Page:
Ingredients (feeds 6 people with a decent amount of left overs):
8 pound whole boston butt, or pork shoulder with the bone in and the thick layer of fat on (if the butcher asks for skin on or off, ask for it off, but keep the skin and make some lovely crunchy pork cracking to have on the side. I did, and it was very tasty!)

Dry Rub:
2 tbsp ground cumin
2 tbsp garlic powder
2 tbsp onion powder
2 tbsp chilli powder
2 tbsp cayenne pepper
2 tbsp salt
2 tbsp ground pepper
2 tbsp paprika
1 C brown sugar

Brine Solution:
1/2 C salt
1/2 C brown sugar
1.8 litres water
3 tbsp dry rub mix
2 bay leaves

Start by mixing the dry rub together. Essentially all you have to do is put it all in a container, mix it together and put it into an air tight container.
Now for the brine solution. I mixed this together into a big jug to make it easier to pour into a zip lock bag later on if that's how you decide to rest the meat. Put the 1.8 litres of cold water into the jug, and mix in the 1/2C salt until it's completely dissolved. Then add the 1/2C brown sugar and 3 tbsp of the dry rub mix and still it well.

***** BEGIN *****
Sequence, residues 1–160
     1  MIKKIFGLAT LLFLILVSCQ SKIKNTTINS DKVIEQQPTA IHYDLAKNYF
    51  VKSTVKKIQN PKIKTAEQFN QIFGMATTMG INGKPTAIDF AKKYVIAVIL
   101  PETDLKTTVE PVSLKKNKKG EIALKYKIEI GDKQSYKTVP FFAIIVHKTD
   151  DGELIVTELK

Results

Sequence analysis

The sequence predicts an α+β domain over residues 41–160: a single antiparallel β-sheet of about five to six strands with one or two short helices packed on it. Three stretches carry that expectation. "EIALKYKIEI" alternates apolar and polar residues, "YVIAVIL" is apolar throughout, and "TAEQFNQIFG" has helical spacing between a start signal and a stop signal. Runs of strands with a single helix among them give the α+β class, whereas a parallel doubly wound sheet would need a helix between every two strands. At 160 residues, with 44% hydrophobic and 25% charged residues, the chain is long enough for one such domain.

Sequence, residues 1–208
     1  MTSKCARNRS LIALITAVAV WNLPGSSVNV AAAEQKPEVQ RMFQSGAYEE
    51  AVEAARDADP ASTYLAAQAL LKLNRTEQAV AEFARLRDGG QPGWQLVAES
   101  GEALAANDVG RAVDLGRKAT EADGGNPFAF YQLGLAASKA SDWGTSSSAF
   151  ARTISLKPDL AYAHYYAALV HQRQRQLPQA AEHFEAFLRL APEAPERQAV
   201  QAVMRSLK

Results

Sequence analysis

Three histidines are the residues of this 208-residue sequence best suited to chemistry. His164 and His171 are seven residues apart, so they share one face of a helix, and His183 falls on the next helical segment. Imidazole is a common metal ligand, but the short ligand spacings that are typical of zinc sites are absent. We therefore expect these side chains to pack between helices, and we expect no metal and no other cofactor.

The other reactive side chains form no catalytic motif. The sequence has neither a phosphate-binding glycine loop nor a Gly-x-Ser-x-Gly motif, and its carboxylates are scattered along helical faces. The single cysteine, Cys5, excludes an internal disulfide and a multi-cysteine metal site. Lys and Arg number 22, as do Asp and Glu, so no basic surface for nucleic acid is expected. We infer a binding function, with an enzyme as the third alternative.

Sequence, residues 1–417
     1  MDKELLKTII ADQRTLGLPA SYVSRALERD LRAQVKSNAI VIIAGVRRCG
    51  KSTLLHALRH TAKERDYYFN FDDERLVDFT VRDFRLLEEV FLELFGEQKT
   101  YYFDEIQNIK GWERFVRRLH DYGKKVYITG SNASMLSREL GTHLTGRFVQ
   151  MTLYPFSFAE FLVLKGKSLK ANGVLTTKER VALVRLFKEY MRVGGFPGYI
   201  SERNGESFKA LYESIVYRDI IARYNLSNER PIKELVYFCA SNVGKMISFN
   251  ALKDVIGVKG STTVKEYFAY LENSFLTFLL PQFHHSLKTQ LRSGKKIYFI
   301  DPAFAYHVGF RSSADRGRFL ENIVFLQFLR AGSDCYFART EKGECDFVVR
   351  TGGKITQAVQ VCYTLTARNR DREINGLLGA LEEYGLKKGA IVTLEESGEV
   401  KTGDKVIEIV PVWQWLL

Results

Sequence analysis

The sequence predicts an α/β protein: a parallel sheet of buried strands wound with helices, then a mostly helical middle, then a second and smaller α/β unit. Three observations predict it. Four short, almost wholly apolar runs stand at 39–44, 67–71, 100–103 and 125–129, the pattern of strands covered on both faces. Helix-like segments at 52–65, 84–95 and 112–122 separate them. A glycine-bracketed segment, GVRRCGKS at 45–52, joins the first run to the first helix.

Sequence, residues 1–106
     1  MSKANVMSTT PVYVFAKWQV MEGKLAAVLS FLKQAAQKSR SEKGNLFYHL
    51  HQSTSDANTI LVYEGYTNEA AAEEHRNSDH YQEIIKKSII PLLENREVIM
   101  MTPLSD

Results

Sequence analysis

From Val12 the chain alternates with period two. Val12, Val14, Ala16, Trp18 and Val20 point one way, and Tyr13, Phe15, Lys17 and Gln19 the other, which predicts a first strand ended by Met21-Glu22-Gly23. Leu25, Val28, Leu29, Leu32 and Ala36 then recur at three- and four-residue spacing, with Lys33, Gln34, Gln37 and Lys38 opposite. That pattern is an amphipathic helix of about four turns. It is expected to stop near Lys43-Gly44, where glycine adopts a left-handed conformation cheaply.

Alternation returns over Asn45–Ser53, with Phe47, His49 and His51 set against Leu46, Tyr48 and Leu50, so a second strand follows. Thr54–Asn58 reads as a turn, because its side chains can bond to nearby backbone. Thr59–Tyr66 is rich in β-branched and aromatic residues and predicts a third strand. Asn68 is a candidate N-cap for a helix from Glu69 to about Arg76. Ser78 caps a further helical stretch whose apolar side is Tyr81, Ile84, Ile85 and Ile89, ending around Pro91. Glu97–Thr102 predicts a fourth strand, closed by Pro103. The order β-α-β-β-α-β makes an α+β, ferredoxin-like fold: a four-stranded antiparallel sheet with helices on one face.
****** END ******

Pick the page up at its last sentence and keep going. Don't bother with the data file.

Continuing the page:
Rinse the port shoulder in cold water, and put it into the big zip lock bag (making sure it has no holes in it) or a nice big plastic container. If you're using the bag, this can get a bit tricky, so if there's someone else around to help it could be good. I did this at 6am, so managed by myself, but I must have looked ridiculous.